“This is the man’s dream-fishing , hunting, chopping wood,” she says. “But then he gets ill or dies.” The wife might end up living alone on a back road, unable to afford to move back to town or to the city.

Colleen McRae, of the Older Women’s Network in Peterborough, Ont., points to another worry for women who live alone at the lake-crime.

“The neighbors only come up on the weekend. People come by in boats, looking for things to steal. It can be scary.”

Olive Kirk and her husband, Doug, both 75, lived in their lakeside home near Peterborough for 18 years before deciding to put it on the market and move to a smaller house in town.

“They were wonderful years, but we both realized it was time to make a change. We’re both fit, but we have some health problems.”

Two women Olive knew in her area had lost their husbands and had chosen to remain in family homes that were too big for them.

“They’ve become immobilized with grief and depression. They’re apprehensive and afraid to move.”

Next page: Anticipate change

Anticipate change
Older people, she says, must anticipate change. “Consider your housing, your eyesight, your mobility and recognize that you may not always be able to drive.”

“I’m hearing more and more about mutual support groups. I think you will see this as a groundswell. People in their fifties and sixties see what’s happening to their parents and to the home care system,” says Petch. 

In the past, we relied on our families. Today, she says, a mutual support group of people of varying ages might spring out of a common interest in birdwatching or line dancing, or come about as a result of neighbours recognizing their mutual dependency. It can start with a little thing — like watering a friend’s plants while she’s away-and result, for instance, in her being there to help you when you come home from an operation.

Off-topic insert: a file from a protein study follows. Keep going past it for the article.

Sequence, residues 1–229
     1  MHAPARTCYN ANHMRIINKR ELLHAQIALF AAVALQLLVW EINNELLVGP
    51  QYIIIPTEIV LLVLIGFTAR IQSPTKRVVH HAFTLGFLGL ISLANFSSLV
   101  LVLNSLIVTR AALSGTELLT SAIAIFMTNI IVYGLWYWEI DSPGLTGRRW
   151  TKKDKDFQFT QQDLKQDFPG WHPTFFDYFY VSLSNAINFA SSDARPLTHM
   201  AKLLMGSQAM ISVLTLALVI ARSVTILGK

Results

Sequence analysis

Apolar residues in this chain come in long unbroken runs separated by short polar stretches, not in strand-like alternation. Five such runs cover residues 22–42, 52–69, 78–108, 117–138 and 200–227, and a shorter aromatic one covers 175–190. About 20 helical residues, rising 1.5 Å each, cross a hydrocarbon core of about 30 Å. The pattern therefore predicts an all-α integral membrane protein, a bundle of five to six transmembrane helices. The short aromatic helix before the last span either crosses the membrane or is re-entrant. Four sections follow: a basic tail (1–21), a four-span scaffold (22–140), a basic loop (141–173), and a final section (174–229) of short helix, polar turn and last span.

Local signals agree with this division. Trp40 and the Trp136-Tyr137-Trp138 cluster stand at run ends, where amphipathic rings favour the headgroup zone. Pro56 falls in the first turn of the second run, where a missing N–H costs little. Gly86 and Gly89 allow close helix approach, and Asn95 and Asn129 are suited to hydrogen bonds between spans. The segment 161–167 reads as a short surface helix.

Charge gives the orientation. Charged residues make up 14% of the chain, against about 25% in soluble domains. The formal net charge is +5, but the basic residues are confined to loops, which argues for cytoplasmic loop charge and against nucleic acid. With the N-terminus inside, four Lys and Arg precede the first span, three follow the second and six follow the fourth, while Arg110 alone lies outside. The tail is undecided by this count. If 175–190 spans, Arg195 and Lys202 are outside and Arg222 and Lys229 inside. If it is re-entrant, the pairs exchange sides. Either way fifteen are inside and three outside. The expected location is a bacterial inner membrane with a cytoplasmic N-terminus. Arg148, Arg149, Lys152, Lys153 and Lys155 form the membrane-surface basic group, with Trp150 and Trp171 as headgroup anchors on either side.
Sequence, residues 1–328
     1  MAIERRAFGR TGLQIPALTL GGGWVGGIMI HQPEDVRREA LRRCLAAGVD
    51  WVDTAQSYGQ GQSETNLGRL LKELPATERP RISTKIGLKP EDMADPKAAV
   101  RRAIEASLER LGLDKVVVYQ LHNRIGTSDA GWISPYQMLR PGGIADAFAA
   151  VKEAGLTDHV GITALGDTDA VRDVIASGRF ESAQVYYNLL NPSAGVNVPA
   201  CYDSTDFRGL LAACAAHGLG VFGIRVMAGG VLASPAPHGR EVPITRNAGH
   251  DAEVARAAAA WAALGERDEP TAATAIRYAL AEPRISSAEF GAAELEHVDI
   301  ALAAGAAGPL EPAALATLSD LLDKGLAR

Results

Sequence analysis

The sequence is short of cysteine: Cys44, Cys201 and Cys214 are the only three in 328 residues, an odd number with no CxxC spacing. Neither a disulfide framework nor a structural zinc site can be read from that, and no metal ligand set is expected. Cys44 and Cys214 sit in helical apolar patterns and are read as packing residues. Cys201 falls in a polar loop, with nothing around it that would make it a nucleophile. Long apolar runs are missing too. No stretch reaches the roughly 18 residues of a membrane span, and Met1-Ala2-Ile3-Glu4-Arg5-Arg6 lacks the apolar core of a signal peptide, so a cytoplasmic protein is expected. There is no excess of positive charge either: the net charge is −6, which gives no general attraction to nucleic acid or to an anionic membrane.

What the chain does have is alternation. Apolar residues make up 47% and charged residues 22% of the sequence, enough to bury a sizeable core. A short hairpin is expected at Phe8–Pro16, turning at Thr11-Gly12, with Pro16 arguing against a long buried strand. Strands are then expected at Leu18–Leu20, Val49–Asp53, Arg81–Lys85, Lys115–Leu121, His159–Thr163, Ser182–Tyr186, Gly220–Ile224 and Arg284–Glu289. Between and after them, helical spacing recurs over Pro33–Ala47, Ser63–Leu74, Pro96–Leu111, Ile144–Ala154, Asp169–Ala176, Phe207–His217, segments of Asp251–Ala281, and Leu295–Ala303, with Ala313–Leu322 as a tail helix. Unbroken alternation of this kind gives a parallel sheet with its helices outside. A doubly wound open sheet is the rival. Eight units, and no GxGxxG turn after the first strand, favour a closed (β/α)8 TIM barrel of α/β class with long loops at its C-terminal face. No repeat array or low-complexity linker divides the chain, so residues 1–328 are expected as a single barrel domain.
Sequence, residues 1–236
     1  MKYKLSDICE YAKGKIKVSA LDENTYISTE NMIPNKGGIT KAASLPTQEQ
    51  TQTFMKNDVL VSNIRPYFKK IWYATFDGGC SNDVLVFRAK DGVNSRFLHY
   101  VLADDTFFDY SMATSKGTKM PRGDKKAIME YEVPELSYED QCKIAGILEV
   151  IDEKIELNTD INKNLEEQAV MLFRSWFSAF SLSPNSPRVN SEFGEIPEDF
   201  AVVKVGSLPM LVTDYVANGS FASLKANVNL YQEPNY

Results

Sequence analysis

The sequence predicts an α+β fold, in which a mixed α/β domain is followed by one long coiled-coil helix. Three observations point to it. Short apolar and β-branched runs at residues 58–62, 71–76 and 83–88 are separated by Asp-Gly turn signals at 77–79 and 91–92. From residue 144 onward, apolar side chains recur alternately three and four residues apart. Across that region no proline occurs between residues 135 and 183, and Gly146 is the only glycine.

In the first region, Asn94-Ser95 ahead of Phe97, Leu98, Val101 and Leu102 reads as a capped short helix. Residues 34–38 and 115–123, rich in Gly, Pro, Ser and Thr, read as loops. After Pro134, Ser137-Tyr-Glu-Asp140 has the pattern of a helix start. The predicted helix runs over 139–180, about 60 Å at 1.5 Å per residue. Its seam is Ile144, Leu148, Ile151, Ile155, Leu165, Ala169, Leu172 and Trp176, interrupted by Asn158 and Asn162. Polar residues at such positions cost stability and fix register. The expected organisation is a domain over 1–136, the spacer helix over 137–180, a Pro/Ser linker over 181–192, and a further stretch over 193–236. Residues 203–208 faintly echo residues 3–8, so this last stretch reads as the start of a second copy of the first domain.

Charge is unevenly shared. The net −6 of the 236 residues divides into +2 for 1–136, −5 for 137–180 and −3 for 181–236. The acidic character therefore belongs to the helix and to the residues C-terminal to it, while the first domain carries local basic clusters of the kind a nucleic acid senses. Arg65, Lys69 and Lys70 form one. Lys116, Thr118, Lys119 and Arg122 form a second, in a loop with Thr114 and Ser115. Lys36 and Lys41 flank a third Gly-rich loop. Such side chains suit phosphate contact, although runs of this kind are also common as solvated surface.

Thinking it through
Ben Swankey, author and commentator on aging issues, says,  “If you’re contemplating moving, think of the friends of a lifetime that you’re leaving behind. Are you prepared to make the effort to make new friends? And if after you’ve moved as a couple, one of you dies, what happens to the other?”

Before giving up the house and the old neighbourhood, consider renting out a room or part of your home to a younger person to provide income as well as human contact.

“Women are wonderful,” Marion Lynn says. “They work for the United Way, make things for all the bake sales, and are always helping others. And I am not suggesting they should stop doing that. But they have to think of looking after themselves instead of just looking after everyone else.”

Men also need to change their way of thinking. They may be a whiz at changing the car oil or reeling in a bass, but they have to move beyond the strong, silent male stereotype to help shake that empty feeling of loneliness.